As we approach the halfway point of the Brewers 2013 season, there is little evidence to suggest that their performance thus far has a solid chance of turning around before all is said and done.
However, given the hope some in the Brewers front office had going into this season, it is high time to step back and assess: "Has the Brewers' performance been a result of bad luck, or bad management decisions?"
Let's take a stroll down ol' memory lane and examine four off-season moves (or lack thereof) by Doug Melvin and company.
1. The "Young Gun" Starting Rotation: Perhaps the single-most important "non-move" of this offseason, at least until the late-night acquisition of Kyle Losche, was the Brewer's decision to retain the guts of last season's young and unproven starting rotation. With the surprising performance of their staff during last year's late season surge, Brewers' brass maintained confidence in building around a rotation of Yovani Gallardo, Marco Estrada, Wily Peralta, Chris Narveson and Mike Fiers (Mark Rogers would eventually land on the DL during Spring Training).
So, how did things go?
Yovani Gallardo is a puzzling shadow of his former self (7.01 K/9 this season, 9.08 for career; 4.20 ERA in 2013, 3.60 for career). The supposed "ace" in the Brewer's rotation, Yo has been improving a little of late, turning in three consecutive starts without an earned run allowed (that is, until Wednesday night). Nonetheless, some reporters believe he is the most viable trade bait going forward. Is the rest of the rotation rubbing off on him?
Marco Estrada is putting together his worst campaign in the three years he has been a full-time starter with the Crew. After breaking through last season with a 3.64 ERA, there was reason to believe Estrada had finally put it all together. Instead, his command and velocity have both suffered so far this season, and he was even placed on the DL. Was he ever really going to be a bona-fide #2 starter? Let's be honest.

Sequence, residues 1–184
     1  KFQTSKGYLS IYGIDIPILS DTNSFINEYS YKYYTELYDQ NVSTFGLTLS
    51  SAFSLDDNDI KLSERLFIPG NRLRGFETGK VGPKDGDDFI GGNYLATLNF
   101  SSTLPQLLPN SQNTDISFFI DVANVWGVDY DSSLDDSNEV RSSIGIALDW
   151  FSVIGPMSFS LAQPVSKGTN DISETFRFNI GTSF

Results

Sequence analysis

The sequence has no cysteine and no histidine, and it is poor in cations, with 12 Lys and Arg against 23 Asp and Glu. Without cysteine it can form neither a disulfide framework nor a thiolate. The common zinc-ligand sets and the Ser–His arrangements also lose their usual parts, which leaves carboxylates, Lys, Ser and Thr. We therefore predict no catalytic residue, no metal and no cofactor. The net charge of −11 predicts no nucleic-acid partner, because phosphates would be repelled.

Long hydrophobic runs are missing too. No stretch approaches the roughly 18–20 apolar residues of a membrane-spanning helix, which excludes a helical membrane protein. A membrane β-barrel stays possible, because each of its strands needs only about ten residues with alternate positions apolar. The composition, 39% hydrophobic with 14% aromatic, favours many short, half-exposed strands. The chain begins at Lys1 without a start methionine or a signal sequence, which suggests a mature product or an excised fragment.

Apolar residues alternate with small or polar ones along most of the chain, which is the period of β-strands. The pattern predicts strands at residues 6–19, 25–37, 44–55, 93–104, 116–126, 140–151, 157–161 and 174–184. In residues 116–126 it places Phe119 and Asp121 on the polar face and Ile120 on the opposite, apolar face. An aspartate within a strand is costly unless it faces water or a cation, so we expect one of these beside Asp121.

Wily Peralta simply shone in his brief stint with the club last year, finishing with a sparkling 2.48 ERA in 29 innings of work. He was averaging around a strikeout an inning, to boot. This year? Off the radar (5.59 ERA). He doesn't appear confident and it shows. Have teams simply figured him out the 2nd time around?
Chris Narveson is perhaps the easiest case to examine. Chris' tenure with the Brewers has been full of fits of starts, finally culminating with a steady, if unimpressive, second half of 2011 - 11-8 with a 4.45 ERA. Being injured for most of last season doesn't help, but let's face it - Chris doesn't bring the kind of dynamism to provide consistency to the Brewers' rotation. The Brewers simply didn't have better options. Of course, Chris wasn't even much of a factor this season, heading to the DL just after the season began.
The Brewer's had had high hopes for Mike Fiers going into 2013. That is, until a series of worrisome performances in spring training. While Fiers was the starter going into the season, he was quickly moved aside and was used in long relief before being sent down in early June. He just broke his right arm after some encouraging performances in with AAA-Nashville. While he certainly doesn't have a high speed fastball and is an older prospect (he made his debut just shy of 27), he has been heralded for his ability to pound the strike zone with his off-speed pitches. He had a great performance last year and it was fair to expect him as a back of the rotation kind of pitcher.
Overall, the Brewers' front office placed too much trust in marginal starting pitching prospects. Fully aware of the lack of available talent at the AAA level, the Brewers waited too long to pick up another middle-of-the-rotation pitcher who could both provide stability to the rotation and be a mentor to a young and inexperienced staff.
Conclusion: Bad Management Decision
2. The Kyle Losche Acquisition
After suffering through a spring training that saw much of the Brewers' aforementioned staff compete for least consistent performer, the Brewers' brass was desperate to find a veteran pitcher that could provide some dependability to the rotation and provide a mentor for the fragile, young staff.